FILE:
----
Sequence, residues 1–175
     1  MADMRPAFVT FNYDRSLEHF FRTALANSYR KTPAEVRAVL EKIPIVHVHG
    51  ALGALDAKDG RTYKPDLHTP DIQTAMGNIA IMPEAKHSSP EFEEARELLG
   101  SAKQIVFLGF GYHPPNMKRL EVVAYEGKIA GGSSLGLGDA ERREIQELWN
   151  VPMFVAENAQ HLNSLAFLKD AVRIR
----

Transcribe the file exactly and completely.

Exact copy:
Sequence, residues 1–175
     1  MADMRPAFVT FNYDRSLEHF FRTALANSYR KTPAEVRAVL EKIPIVHVHG
    51  ALGALDAKDG RTYKPDLHTP DIQTAMGNIA IMPEAKHSSP EFEEARELLG
   101  SAKQIVFLGF GYHPPNMKRL EVVAYEGKIA GGSSLGLGDA ERREIQELWN
   151  VPMFVAENAQ HLNSLAFLKD AVRIR